Creating a Custom Enclosure for Oversized Rolled Graphic Recordings
Items of an unusual shape or size perpetually pose problems of storage and access for archives. One recent example from the Smithsonian Institution Archives is a collection of six rolls of oversize drawings—a set of graphic recordings of planning sessions, which ultimately resulted in the formation of the current strategic vision of the Smithsonian. Neither flat nor offsite storage was possible due to the unusual dimensions, necessitating a custom housing that would remain in the Archives’ onsite storage. [See Image 1.]
The drawings were wrapped around archival cores fitted with corrugated board feet to increase stability and protect the bottom edges; these rolls were placed into a custom two-piece box, constructed onsite from more corrugated board. Both the box base and the lid are composed of two pieces attached with mitered flaps, with each piece pre-scored to ensure clean folds.
Materials, Tools & Supplies
- Archival-quality (pH-neutral, acid-free, buffered) cylindrical cores, 3” diameter
- Corrugated board (C-flute)
- Electrical-grade hot-melt adhesive, gun
- Linen tape
- Bone or Teflon folder
- Straight edge
- Box cutter or utility knife
1. Archival cores were mounted on stabilizing feet made from squares of corrugated board, using electrical-grade hot-melt adhesive
a. The size of the feet depends on the ultimate diameter of the documents being rolled around the core. Each roll added between ½” and ¼” to the 3” archival core in this example, so for safety the feet were cut to 4” x 4”.
2. Rolled drawings were jogged / aligned as closely as possible before being wrapped around the archival cores, taking care to ensure the wrapping does not pull the documents out of alignment, causing the edges to catch the stabilizing foot. [See Image 2.]
3. Short lengths of linen tape were cut and tied around the center of each roll.
4. Typed labels were prepared, encapsulated, and inserted beneath the tied linen tapes. [See Image 3.]
5. A simple diagram was prepared for the base of the box, taking the combined area of the stabilized archival cores for the bottom interior perimeter of the base, and using about ¾ the height of the tubes for the vertical dimension. [See Figure 1.]
6. Two pieces of corrugated board were cut to height, with an additional 2” allowance for mitered flaps to attach the pieces of the box.
Two pieces were used for each component of the box in order to make use of off-cut materials.
7. One piece was scored and folded along the flutes to form the front and sides of the box base, with mitered flaps extending from all three bottom edges. The second piece was scored and folded to form the back, with a mitered flap extending from its bottom edge, and with flush flaps extending from the vertical edges to attach to the first piece.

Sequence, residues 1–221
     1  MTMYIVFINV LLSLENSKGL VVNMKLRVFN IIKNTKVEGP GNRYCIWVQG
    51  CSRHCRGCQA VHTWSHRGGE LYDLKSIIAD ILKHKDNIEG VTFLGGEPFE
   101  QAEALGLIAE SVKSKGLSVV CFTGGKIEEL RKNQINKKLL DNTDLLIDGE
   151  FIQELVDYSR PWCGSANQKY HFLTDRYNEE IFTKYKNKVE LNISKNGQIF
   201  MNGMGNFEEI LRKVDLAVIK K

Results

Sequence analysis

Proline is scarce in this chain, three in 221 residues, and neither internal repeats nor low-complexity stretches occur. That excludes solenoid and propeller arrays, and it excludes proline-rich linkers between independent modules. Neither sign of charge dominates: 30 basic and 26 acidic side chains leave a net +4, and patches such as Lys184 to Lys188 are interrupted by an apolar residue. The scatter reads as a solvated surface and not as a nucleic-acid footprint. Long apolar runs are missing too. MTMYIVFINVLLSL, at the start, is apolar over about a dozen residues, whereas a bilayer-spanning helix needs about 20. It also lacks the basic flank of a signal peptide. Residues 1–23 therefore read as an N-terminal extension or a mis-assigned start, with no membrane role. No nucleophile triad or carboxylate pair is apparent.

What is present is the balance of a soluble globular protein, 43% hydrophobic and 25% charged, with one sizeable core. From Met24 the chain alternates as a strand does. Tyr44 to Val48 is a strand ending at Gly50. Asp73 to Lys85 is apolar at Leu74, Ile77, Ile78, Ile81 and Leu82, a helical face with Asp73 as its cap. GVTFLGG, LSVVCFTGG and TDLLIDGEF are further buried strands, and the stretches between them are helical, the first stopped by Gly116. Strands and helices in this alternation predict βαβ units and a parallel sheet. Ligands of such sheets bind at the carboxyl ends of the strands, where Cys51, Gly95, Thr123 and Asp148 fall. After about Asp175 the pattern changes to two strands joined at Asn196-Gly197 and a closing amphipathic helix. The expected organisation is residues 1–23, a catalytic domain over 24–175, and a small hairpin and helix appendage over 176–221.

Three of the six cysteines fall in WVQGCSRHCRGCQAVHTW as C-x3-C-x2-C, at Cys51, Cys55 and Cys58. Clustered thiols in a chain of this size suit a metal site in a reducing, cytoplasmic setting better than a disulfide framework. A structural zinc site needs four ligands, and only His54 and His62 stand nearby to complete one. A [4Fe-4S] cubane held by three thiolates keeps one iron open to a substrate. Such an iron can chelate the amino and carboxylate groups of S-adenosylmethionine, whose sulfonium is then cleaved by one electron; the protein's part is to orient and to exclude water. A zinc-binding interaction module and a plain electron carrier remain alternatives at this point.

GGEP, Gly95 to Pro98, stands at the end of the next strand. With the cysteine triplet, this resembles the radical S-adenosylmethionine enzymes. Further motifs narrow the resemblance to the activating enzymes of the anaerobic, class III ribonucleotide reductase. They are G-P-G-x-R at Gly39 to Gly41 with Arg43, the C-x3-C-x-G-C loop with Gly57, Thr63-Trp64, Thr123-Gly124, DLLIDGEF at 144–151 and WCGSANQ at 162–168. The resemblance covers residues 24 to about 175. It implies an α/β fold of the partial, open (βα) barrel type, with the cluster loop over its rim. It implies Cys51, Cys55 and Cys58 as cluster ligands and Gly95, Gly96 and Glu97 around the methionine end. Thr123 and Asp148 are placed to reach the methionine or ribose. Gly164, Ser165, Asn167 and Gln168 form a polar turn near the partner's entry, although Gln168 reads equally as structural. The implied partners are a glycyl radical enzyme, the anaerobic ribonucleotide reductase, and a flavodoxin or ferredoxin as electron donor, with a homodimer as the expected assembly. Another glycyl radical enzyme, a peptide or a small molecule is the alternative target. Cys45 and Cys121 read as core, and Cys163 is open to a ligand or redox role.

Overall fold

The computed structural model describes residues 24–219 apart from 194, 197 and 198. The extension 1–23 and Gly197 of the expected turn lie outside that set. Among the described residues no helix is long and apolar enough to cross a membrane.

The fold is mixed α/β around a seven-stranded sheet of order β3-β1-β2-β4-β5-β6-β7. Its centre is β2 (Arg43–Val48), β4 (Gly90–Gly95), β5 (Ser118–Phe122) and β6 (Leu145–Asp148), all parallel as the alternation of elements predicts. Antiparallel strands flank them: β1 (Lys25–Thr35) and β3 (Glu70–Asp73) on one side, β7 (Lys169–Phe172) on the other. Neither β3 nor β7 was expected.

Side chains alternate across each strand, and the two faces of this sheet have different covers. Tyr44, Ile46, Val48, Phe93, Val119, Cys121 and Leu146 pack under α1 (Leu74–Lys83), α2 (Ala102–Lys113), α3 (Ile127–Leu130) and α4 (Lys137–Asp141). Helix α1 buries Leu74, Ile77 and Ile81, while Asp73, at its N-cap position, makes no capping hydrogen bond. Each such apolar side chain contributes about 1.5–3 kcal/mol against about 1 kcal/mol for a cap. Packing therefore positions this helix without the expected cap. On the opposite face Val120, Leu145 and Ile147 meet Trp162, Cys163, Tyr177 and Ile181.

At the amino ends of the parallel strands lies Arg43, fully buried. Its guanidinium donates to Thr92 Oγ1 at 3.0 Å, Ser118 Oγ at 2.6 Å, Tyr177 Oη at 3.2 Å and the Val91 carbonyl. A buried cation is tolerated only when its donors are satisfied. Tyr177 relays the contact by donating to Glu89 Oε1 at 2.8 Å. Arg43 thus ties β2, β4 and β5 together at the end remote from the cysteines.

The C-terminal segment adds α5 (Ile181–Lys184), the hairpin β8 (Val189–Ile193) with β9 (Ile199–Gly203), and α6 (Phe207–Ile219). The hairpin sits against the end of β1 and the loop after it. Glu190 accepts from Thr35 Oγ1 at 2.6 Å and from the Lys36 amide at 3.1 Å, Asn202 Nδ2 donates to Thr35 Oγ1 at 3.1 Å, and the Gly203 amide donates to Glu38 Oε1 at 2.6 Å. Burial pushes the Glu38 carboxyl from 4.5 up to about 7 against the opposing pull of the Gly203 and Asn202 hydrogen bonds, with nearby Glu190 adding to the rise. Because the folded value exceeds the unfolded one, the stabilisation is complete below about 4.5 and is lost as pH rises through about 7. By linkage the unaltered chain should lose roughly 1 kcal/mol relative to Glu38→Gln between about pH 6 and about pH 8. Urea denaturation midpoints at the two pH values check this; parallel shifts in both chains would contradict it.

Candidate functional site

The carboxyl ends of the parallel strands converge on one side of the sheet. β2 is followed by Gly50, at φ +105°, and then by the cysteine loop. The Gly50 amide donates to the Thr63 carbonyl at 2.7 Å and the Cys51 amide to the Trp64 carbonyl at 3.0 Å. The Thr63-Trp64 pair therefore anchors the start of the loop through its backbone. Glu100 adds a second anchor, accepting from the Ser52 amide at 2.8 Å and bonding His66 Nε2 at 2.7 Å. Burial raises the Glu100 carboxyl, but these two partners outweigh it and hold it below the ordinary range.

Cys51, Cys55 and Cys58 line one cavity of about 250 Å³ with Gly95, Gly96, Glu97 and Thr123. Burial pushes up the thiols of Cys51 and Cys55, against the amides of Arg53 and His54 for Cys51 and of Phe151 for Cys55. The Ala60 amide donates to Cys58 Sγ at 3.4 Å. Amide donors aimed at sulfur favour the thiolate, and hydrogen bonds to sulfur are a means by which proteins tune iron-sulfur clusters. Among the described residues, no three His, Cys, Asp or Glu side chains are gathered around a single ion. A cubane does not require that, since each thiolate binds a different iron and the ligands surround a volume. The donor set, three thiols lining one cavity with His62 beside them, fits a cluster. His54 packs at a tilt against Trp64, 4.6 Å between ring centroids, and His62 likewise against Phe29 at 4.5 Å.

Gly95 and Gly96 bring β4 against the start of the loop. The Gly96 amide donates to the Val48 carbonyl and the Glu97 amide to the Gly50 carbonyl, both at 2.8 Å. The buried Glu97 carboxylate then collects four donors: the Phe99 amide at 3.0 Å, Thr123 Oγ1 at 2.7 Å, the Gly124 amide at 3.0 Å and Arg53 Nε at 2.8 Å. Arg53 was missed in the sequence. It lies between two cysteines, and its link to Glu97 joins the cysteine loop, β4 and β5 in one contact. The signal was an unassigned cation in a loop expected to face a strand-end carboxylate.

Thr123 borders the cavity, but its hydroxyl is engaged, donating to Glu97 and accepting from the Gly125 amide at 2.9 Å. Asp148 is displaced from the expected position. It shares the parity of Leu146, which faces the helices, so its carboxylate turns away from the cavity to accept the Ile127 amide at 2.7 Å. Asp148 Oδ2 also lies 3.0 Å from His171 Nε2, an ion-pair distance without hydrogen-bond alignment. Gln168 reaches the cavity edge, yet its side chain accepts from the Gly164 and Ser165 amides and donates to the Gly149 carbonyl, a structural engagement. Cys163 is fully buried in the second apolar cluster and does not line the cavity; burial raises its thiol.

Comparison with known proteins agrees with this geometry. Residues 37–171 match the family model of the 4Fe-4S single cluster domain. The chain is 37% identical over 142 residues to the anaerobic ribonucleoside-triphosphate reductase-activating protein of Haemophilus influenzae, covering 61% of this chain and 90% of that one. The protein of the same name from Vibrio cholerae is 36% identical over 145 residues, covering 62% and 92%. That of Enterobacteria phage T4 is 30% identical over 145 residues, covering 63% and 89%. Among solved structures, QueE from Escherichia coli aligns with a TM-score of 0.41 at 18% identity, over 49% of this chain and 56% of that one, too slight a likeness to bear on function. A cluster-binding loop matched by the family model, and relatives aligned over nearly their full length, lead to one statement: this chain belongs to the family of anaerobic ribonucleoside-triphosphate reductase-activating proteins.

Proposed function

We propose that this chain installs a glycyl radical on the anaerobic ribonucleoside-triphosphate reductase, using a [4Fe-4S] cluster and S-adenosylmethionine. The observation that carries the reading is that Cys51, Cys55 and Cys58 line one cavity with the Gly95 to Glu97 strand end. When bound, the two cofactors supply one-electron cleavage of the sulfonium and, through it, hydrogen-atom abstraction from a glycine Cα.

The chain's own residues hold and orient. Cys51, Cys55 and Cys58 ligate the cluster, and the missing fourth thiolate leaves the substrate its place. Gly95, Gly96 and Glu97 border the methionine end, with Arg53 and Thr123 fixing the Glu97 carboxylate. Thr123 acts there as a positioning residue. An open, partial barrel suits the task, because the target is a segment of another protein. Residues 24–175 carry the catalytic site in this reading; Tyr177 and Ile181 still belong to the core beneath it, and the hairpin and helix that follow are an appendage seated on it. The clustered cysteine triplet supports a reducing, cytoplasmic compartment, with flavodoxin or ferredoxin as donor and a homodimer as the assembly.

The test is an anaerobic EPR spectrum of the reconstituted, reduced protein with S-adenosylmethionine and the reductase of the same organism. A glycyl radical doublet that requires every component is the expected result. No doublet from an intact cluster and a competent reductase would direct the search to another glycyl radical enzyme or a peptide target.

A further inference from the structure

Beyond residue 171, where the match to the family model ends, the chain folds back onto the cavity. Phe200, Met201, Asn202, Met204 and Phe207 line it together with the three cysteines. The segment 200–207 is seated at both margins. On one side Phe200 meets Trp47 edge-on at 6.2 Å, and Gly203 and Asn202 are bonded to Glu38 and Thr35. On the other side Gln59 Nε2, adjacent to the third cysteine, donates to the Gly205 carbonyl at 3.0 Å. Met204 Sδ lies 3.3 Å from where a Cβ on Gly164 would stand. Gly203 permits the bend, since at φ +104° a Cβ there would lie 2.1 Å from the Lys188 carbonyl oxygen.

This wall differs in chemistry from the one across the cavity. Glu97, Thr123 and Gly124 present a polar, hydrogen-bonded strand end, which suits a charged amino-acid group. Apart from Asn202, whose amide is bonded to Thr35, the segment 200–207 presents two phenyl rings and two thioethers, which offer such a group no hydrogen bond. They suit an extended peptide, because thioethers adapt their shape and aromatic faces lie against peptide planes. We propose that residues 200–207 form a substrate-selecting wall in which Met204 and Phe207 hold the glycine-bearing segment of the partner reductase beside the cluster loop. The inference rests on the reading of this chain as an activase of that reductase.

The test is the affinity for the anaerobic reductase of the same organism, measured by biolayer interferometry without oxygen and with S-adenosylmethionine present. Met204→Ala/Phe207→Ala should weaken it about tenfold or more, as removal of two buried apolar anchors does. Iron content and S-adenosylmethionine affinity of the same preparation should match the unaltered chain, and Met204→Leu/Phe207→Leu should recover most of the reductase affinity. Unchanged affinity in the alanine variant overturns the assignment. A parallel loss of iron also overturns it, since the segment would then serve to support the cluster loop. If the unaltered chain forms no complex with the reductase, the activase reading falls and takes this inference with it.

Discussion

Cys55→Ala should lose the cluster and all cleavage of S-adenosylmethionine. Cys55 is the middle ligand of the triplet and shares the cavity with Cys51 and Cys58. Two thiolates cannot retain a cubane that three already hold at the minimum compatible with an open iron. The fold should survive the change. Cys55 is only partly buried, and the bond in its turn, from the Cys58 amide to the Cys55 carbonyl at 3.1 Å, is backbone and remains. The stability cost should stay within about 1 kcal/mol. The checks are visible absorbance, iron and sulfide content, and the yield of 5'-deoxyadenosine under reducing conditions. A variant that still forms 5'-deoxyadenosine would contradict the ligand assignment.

8. The two base pieces were attached by the flush flaps along the vertical edges with the electrical-grade hot-melt adhesive and held in place until the glue had set.
The vertical edges were adhered so that the flush edge flaps were located inside the box, to create a flush exterior.
9. Another piece of corrugated board was cut to fit flush with the exterior dimensions of the bottom of the box base, and was adhered by the mitered flaps with hot-melt adhesive. [See Image 4.]
10. An additional piece of corrugated board was cut to fit within the step created by the four mitered flaps in the interior of the box base and adhered with hot-melt adhesive, creating a flush base for the rolled drawings to sit on.
11. A lip was created around the box base for the lid to rest on, using a 1.5” strip of corrugated board cut to fit flush end-to-end, and adhered about 3” from the top of the box.
The position of the lip was chosen for a stable fit of the lid on the base. [See Image 5.]
12. Two more pieces of corrugated board were cut for the lid, with mitered flaps to attach them; height was based on the remaining 1/3 of the tubes’ height left exposed by the box base, with an additional allowance to prevent the edges of the drawings from knocking against the lid.
The drawings’ unusual height, which precluded them from being stored offsite, also meant that standard height archival cores fell either just short of the drawings’ height or much too large. Therefore, shorter cores were ordered, leaving 3” to 4” without interior support, and thus susceptible to handling damage if proper allowance was not made in the lid.
13. One piece was scored and folded along the flutes to form the front and sides of the box lid, with mitered flaps extended from all three top edges. The second piece was scored and folded to form the back, with a mitered flap extending from its top edge, and with flush flaps extending from the vertical edges to attach to the first piece.
The lid was scored and folded in situ, measuring directly from the dimensions of the box base to ensure the closest fit.
14. The two lid pieces were attached by the flush flaps along the vertical edges with the electrical-grade hot-melt adhesive and held in place until the glue had set.
This time, the vertical edges were adhered so that the flush edge flaps were located outside the box, to create a flush interior for a snug fit between lid and base. This meant the tops of the edge flaps had to be cut away to provide a flush top surface for the finishing piece to be attached. [See Image 6.]
15. Another piece of corrugated board was cut to fit flush with the exterior dimensions of the box lid, and was adhered by the mitered flaps with hot-melt adhesive.
16. With the base and lid complete, fit was checked, a label was prepared, and the rolls were safely stowed within. [See Images 7. and 8.]
oversize, graphic recordings, storage, custom enclosures